Greek Yogurt Macaroni and Cheese – Lightened-Up Comfort Food!
Healthier Vegetarian Mac and Cheese Recipe with a
Smoky, Crispy Breadcrumb Topping
Tube-shaped macaroni originated in Italy as maccheroni, which may come from the lost word maccare, meaning “to pound.” It was one of the earliest forms of pasta developed and the name was commonly used as a blanket term for all types of pasta, apart from lasagna and those with filling. In 18th century England macaroni became quite fashionable and was used as a slang term for dandies who wore white powdered wigs with curls resembling pasta. The English were also fond of using macaroni in sweet puddings, not unlike Jewish noodle kugels. Arguably, one of the greatest developments to come along in macaroni’s history was the introduction of a cheese sauce, which gave birth to the now commonplace treat known as macaroni and cheese.
While macaroni and cheese may seem commonplace in American homes today, it was once enjoyed as a delicacy of sorts by Europe’s elite classes. A very early recipe for the dish appeared in the famous historical cookbook Forme of Cury, which was a highly regarded resource in most royal kitchens. Eventually macaroni and cheese moved into aristocratic homes, then eventually made its way across the sea to American kitchens. Thomas Jefferson is often credited with popularizing macaroni in America after his European travels. Jefferson’s African American slave chef, James Hemmings, accompanied Jefferson to France where he studied classic French cooking. It was there that he mastered a recipe for macaroni and cheese that Jefferson is said to have adored. In true French fashion, this version contained far more cream than the one found in Forme of Cury.
Cheese, butter, cream, pasta… these are a few of my favorite things. In fact, I love them so much that I’m tempted to indulge in macaroni and cheese on a daily basis. However much my tastebuds would love that, I do not get enough exercise to justify eating that much mac and cheese! That’s why I developed this lighter Greek Yogurt Macaroni and Cheese recipe, which combines sharp cheddar and Greek yogurt to create a lighter yet very flavorful cheddar sauce. While it’s not exactly health food, it is much healthier than a full-fat macaroni and cheese recipe. It’s so creamy and delectable, you won’t miss the extra fat from those ultra-rich recipes made with heavy cream and four different cheeses. This version is healthier, easier on the stomach and oh-so-tasty. You’ll love it, promise!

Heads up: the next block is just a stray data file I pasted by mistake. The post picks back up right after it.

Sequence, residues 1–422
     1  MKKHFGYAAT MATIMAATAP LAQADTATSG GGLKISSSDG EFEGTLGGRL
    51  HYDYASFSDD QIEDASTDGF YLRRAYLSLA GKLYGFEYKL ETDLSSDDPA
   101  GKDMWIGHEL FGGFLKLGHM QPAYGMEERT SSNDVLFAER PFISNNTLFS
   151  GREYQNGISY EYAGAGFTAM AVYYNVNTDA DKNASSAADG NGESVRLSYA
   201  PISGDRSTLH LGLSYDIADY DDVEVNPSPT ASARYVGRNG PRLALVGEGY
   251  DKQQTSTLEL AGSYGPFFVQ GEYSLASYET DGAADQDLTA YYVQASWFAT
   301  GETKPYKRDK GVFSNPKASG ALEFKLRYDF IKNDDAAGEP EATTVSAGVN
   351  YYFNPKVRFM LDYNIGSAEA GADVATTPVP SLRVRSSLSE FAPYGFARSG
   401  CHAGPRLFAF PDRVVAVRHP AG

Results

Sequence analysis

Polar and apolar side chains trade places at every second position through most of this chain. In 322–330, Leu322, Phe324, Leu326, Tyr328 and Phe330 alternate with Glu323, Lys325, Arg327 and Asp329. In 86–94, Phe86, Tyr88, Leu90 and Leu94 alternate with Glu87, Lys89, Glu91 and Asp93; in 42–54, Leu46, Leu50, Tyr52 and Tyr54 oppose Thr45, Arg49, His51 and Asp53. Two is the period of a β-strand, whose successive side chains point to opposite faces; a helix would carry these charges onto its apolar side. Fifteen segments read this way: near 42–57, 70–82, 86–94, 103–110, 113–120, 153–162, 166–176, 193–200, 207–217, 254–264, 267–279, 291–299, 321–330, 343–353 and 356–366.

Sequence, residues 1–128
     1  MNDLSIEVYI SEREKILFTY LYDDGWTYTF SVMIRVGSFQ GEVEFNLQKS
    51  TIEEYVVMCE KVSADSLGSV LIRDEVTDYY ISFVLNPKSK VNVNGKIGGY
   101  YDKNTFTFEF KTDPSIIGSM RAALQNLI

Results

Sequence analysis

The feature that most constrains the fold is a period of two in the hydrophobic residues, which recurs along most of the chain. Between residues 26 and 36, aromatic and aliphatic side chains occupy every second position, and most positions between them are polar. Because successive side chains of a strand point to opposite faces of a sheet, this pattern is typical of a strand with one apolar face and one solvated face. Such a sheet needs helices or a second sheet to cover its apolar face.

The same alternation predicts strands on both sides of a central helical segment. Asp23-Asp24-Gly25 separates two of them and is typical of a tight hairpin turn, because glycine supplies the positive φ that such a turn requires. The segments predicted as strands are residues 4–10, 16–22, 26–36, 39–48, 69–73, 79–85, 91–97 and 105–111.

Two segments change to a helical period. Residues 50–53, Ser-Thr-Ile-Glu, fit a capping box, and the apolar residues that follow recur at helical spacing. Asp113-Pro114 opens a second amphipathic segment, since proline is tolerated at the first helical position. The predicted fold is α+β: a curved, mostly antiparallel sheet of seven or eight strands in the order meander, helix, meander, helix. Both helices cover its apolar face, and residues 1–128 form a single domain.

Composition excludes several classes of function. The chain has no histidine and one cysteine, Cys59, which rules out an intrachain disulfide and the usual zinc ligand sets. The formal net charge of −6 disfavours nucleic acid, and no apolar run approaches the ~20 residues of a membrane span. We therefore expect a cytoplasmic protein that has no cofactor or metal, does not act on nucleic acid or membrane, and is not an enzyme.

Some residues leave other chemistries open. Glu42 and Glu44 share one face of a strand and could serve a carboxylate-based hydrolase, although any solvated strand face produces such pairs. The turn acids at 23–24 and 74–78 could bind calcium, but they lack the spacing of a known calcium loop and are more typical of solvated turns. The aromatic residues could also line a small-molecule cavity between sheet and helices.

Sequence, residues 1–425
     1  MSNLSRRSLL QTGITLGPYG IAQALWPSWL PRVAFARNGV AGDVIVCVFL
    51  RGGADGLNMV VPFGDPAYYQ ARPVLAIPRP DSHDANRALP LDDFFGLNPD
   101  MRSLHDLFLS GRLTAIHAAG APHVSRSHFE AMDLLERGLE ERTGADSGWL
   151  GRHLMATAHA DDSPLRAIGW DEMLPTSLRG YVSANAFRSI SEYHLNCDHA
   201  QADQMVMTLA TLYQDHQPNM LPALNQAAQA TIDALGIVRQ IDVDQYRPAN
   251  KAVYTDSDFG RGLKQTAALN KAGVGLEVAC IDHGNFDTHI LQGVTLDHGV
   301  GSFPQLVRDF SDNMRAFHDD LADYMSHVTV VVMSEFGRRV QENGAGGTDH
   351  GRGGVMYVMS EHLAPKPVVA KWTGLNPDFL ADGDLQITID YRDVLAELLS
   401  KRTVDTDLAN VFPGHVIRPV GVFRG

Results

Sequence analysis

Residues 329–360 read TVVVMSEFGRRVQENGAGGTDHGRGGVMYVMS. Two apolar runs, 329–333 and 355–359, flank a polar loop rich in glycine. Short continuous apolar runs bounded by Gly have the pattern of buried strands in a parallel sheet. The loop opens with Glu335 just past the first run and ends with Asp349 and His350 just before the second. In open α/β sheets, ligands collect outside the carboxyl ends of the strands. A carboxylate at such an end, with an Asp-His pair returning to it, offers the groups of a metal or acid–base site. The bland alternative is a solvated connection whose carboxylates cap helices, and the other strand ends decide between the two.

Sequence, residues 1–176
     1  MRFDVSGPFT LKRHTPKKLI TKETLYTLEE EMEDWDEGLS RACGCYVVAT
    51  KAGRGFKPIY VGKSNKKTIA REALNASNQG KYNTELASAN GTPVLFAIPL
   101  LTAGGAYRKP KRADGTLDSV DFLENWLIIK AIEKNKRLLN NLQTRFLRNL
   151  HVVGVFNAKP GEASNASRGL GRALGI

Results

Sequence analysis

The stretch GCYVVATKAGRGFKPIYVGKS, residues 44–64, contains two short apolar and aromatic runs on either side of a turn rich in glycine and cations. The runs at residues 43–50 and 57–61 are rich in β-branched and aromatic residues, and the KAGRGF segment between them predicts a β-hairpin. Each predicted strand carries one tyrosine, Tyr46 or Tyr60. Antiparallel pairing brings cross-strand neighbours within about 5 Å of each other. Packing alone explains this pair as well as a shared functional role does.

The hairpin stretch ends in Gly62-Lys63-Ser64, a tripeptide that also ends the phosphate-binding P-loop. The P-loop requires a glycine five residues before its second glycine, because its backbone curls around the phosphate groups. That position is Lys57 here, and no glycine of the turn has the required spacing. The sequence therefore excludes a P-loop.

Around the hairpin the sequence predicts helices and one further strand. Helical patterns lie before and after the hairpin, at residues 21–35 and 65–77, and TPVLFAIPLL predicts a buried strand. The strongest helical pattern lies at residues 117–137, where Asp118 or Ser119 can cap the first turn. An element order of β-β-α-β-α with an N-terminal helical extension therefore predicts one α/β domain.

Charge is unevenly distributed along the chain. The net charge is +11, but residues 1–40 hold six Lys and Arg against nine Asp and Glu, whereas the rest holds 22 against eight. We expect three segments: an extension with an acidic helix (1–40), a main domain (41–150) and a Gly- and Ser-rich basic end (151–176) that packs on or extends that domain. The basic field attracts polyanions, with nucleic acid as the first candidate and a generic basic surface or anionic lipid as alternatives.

Note: If you’re vegetarian, be sure to use a cheese with a vegetarian rennet.
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- 1 lb elbow macaroni
- 2 tbsp unsalted butter
- 2 tbsp flour
- 1 1/4 tsp salt if salt sensitive use less and salt to taste after cooking
- 1/4 tsp black pepper
- 2 cups lowfat milk
- 1 1/2 cups shredded sharp cheddar cheese
- 3/4 cup Greek yogurt nonfat or lowfat
- 2 tbsp breadcrumbs
- 1/8 tsp smoked paprika
- Preheat oven to 450 degrees F. Bring a large pot of salted water to a boil. Stir in the elbow macaroni. Boil until just tender (don’t overcook it). Drain the pasta in a colander and spray cool water over it to keep it from sticking together.
- In a large pot, melt butter over medium heat. Whisk in the flour, salt, and black pepper. Stir to form a thick paste.
- Slowly whisk in the milk, ¼ cup at a time. Heat the milk mixture over medium heat for a few minutes, whisking frequently, until it thickens and begins to bubble around the edges. Do not let the sauce boil.
- Whisk in grated cheddar cheese. Stir until cheese is melted and a thick sauce forms. Stir in the Greek yogurt until smooth. Stir the cooked macaroni into the sauce, making sure all the pasta is evenly coated by sauce.Pour macaroni with cheese sauce into a greased 2 qt gratin or 8x8 baking dish, spreading out out into an even layer and scraping all remaining sauce from the pot over the top of the pasta.
- Mix together the breadcrumbs and smoked paprika and evenly sprinkle over the top of the pasta. Place in the oven and bake at 450 degrees F for 15 minutes until the top and breadcrumbs are golden brown to your liking.Serve hot. For a spicy twist, substitute cayenne pepper for black pepper.
Davidson, Alan. The Oxford Companion to Food. Oxford: Oxford UP, 1999. Print.
Miller, Adrian. Soul Food: The Surprising Story of an American Cuisine, One Plate at a Time. N.p.: U of North Carolina, 2013. Print.